Jolly pocket postman, the last book Janet Ahlberg 
illustrated before her death in November 1994. He tells 
also about the provenance of this book that started as a 
whole pile of letters from a school in Texas. Most 
interesting - and most peculiar as well - is the interview 
Brian Wildsmith did with himself on his pop-up book 
The creation. The interview gives insight into a (pop-up) 
book maker's mind and also gives much information both 
of the making of this book and in its hidden contents. 

Of course there is an article reviewing the most 
interesting items of last year's British autumn production, 
done by George hunt, and the monthly ' Autorgraph," the 
interview with an illustrator of children's books. The 
interview in this issue is with Stephen Biesty who tells 
about his cross-section books and, of course, is 
questioned on his Incredible pop-up cross-section 
published by Dorling Kindersley. 

In the May 1996 issue of the same magazine, Ted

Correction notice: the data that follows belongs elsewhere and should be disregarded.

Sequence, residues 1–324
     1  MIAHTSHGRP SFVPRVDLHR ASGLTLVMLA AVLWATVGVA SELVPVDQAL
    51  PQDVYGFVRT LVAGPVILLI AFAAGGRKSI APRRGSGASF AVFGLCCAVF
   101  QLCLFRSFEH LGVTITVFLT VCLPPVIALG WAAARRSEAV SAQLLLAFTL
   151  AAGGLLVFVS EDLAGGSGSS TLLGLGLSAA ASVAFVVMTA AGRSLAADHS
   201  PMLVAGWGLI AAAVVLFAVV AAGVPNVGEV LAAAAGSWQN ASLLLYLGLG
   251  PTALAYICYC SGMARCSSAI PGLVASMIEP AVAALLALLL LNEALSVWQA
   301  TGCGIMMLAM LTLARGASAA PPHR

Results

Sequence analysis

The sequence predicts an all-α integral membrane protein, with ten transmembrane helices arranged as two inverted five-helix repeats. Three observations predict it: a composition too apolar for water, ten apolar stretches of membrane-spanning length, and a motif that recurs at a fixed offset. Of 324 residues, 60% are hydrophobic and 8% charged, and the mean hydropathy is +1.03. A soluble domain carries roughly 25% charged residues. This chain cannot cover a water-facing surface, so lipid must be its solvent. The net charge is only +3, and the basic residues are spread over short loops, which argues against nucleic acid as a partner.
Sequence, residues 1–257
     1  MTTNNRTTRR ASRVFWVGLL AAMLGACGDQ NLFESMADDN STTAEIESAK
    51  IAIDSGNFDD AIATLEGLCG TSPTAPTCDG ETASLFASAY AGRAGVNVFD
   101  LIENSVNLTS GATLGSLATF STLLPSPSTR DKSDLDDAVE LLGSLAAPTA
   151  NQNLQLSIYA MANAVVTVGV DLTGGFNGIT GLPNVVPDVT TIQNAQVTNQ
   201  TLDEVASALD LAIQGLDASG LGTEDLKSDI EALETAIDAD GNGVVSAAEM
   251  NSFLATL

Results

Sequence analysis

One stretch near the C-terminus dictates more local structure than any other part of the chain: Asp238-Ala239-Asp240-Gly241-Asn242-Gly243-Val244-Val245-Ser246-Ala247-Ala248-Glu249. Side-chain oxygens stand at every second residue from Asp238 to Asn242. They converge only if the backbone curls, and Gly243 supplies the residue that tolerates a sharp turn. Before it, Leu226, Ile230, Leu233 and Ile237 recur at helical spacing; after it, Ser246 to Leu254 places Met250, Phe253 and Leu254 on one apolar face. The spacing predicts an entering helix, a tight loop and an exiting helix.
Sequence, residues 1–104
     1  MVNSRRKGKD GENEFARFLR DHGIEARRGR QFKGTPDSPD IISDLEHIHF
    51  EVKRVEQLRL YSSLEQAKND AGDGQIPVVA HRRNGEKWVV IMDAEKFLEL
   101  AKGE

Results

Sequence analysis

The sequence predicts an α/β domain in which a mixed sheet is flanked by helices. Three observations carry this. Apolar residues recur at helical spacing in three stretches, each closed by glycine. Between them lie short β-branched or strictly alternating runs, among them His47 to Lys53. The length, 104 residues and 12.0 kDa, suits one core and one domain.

Percy and his children reviewed the British spring 
production of movables and pop-ups in a funny but very 
valuable way. 

Books for keeps, the children s books magazine. 6 
Bnghtfield Road. Lee. London SE12 8QF. Telephone: 
0181-852 4953. 

Questions and Answers 

Q. Recently we purchased a copy of a Kubasta title 
from the "Panascopic" series we had never seen before: 
The Polar station (1960's). Unfortunately it appears to 
be missing some movable part of the front cover. Can 
anyone inform us about what movable part is missing? It 
probably must have to do something with the polar light 
(a movable sun or so?). 

Theo Gielen 



Q. If other readers/collector have duplicate books which 
they would like to offer for exchange, I would like to 
exchange my list of duplicates. 

Danen Murray 

1204 Abbot Kinney Blvd. 

Venice. C A 90291-3366 



Q. In 1980 the Public Library in Toronto published a 
facsimile edition of the Harlequinade Mother Shipton. 
first published in 1800 m London. There appears to have 
been added a note on this Harlequinade by Jill Shefrin 
and the publications seems to have been done for the